Hit manga series ‘One Piece’ celebrates 25th birthday

Hit manga series ‘One Piece’ celebrates 25th birthday

Hit manga series ‘One Piece’ celebrates 25th birthday

A manga series about a treasure-hunting pirate that has captivated millions of fans worldwide celebrates its 25th birthday as the final chapter of the best-selling saga reveals its secrets.

The last instalment of “One Piece” begins from July 25 in Japanese weekly manga magazine Shonen Jump, published by Shueisha, following a one-month pause.

The series has racked up more than 100 volumes and smashed sales records since the first instalment appeared in 1997.

The story revolves around hero Luffy, who hunts for the coveted “One Piece” treasure alongside other pirates.

Author Eiichiro Oda, 47, landed a Guinness World Record for having the most copies published for the same comic book series by a single author with 490 million produced.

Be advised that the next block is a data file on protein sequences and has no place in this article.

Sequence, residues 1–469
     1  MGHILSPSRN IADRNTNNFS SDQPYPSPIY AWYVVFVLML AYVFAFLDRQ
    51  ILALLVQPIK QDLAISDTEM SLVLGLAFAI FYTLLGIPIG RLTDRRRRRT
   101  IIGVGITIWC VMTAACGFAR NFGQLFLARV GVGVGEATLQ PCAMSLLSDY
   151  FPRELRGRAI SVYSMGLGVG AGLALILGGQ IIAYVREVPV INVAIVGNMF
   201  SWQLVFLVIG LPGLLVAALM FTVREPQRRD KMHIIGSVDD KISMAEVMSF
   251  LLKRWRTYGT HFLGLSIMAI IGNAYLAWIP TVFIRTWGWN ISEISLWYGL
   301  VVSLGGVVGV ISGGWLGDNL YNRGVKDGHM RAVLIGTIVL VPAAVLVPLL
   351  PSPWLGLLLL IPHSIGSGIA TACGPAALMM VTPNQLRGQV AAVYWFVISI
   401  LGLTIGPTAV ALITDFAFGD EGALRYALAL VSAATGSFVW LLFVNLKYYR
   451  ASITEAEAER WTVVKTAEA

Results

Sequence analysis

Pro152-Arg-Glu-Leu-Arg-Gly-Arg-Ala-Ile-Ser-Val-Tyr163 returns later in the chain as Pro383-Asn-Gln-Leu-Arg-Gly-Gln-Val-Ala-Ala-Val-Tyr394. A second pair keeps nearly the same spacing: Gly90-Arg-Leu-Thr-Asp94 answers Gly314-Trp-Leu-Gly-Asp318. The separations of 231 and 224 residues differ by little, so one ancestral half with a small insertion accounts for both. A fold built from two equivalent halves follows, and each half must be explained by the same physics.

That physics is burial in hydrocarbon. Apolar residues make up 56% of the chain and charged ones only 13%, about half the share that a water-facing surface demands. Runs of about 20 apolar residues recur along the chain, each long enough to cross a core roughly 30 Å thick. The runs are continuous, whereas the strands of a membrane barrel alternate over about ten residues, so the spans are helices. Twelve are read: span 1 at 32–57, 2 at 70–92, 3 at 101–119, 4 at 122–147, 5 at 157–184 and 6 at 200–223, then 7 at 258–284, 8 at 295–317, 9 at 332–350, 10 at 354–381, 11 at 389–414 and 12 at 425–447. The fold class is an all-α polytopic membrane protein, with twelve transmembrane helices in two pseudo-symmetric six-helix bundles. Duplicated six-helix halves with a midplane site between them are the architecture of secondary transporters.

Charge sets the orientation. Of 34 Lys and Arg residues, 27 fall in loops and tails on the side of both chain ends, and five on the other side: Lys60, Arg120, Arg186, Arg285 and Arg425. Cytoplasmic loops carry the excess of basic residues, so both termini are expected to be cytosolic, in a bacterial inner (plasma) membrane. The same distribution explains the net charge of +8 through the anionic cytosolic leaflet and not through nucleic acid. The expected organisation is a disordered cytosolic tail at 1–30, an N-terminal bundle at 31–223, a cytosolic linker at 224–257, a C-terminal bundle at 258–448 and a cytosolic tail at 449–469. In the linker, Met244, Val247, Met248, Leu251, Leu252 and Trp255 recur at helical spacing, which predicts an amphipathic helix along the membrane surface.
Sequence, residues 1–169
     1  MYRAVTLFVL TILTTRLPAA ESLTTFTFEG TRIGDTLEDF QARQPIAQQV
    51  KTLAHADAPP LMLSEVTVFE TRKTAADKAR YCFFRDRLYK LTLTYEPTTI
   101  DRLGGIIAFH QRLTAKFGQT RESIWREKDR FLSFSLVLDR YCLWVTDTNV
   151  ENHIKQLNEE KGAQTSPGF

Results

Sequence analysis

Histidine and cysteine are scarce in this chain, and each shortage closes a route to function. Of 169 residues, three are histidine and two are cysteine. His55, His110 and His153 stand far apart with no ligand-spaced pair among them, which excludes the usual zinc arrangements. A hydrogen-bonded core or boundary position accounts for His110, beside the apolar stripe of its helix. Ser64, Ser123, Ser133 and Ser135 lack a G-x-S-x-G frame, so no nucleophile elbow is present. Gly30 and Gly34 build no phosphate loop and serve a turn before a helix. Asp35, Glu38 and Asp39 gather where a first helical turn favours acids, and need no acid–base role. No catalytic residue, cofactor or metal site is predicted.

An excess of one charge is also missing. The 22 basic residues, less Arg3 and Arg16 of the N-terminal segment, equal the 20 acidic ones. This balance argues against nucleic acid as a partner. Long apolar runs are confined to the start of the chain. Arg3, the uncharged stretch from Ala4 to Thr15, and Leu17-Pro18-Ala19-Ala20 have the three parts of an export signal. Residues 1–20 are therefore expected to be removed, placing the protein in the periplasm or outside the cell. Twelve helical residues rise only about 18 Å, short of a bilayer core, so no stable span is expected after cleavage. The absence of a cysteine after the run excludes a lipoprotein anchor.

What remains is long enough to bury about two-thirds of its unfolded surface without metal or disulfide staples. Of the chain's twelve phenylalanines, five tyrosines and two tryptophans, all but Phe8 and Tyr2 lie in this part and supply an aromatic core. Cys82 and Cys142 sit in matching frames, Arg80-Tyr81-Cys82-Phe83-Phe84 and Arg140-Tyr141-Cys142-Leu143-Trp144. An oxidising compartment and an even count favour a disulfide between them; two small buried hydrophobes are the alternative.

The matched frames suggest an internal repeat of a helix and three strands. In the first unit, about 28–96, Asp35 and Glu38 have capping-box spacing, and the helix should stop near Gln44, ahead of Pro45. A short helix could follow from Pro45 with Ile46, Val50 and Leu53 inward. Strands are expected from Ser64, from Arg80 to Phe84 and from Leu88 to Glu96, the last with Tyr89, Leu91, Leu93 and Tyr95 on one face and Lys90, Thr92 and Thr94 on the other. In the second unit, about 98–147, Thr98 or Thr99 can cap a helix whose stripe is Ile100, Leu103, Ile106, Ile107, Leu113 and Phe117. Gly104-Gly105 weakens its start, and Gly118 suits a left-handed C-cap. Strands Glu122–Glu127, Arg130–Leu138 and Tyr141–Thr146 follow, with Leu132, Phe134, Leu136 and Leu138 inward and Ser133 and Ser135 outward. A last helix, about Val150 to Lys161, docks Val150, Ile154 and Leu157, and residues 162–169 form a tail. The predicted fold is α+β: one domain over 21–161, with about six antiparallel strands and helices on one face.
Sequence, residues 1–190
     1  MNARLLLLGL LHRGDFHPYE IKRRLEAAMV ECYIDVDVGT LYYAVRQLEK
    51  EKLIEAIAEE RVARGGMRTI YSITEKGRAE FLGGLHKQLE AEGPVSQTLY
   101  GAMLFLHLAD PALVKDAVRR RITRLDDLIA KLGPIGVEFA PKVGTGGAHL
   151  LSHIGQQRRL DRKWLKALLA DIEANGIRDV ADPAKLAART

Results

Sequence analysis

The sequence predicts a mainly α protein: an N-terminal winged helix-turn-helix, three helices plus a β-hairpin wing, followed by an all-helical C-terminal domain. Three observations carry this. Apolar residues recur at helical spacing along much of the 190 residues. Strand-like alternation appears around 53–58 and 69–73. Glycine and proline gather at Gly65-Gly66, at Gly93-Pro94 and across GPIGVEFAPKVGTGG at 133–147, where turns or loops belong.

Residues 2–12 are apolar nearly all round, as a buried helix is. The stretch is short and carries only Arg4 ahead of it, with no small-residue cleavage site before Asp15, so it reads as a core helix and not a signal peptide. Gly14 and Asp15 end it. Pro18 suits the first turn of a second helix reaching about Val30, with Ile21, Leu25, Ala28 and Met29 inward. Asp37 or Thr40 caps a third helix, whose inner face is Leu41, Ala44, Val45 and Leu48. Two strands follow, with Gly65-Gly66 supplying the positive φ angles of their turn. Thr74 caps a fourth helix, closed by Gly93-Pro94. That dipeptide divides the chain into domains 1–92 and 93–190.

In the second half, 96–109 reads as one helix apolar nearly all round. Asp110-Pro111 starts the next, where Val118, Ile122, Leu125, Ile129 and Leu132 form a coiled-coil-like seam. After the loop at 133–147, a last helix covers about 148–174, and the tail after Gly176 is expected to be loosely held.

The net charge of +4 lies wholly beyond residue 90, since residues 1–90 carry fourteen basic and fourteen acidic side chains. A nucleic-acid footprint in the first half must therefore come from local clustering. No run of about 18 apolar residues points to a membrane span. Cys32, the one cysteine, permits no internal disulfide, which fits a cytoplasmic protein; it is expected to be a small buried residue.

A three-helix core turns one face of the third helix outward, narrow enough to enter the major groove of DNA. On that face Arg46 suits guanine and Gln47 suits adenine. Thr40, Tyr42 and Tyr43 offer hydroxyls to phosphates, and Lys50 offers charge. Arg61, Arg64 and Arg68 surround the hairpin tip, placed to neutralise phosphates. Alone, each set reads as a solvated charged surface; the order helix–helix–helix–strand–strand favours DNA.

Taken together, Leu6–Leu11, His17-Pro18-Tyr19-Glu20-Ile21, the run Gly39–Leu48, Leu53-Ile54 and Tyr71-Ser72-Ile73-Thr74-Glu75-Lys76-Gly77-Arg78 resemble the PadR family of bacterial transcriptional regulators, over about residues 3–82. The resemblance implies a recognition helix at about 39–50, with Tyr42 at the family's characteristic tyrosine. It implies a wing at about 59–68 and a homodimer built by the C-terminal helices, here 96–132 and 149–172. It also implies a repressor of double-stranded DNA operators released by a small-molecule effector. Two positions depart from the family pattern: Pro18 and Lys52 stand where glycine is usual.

His success has made his creation’s 25th birthday a global event, from the United States to France, the second-largest market for manga and Japanese animation.

The 100th volume of the series came out in France last year with 250,000 copies, a number rivalling works that have won the prestigious Prix Goncourt literature prize.

“I’m going to start showing all the secrets of this world that I’ve kept hidden,” Oda said in a handwritten message posted on Twitter.

“It will be fun. Please fasten your seatbelt!”

Chedli Ben Hassine, a content creator who specialises in pop culture, told AFP “One Piece” has become “not only one of the greatest manga series in the world, but one of the greatest cultural works, all sectors included.”

“What makes this manga so special is above all the plot,” said Ryuji Kochi, president for Europe, the Middle East and Africa at Toei Animation, the Japanese company that has produced the series since 1999.

The “One Piece” universe includes cultural and geographical references that give it a universal dimension, including Ancient Egypt, Venice and medieval Japan.

Engaging characters and modern themes of breakneck industrialization, racism, slavery and geopolitical intrigues add to the appeal of the series.